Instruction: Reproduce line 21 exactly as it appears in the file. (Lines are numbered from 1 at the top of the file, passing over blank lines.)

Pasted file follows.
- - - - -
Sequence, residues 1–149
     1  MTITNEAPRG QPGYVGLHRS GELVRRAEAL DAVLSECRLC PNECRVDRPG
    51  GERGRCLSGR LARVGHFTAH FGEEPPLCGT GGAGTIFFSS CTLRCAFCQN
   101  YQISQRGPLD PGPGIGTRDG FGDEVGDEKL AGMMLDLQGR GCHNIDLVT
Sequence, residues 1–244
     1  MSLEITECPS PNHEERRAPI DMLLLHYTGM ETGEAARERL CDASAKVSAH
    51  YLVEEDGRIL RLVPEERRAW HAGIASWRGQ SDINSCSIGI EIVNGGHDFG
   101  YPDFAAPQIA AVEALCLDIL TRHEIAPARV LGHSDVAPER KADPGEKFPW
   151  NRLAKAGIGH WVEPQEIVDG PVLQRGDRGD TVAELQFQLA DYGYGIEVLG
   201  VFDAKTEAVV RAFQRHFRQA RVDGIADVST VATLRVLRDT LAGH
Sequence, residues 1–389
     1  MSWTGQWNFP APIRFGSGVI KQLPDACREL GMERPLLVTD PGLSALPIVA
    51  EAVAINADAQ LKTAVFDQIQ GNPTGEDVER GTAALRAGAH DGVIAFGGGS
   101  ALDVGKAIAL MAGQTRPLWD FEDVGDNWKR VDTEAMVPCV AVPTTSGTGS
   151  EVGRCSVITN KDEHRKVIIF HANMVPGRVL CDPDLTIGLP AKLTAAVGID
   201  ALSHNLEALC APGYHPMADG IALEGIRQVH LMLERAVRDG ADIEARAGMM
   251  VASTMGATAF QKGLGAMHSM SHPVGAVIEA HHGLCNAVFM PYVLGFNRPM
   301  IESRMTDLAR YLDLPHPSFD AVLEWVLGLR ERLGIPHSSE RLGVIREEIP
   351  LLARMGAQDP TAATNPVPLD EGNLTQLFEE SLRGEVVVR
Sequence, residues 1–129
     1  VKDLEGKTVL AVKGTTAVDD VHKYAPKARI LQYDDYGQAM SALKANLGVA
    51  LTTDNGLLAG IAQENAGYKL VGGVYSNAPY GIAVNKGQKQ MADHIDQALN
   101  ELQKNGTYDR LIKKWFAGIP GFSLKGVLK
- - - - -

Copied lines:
     1  VKDLEGKTVL AVKGTTAVDD VHKYAPKARI LQYDDYGQAM SALKANLGVA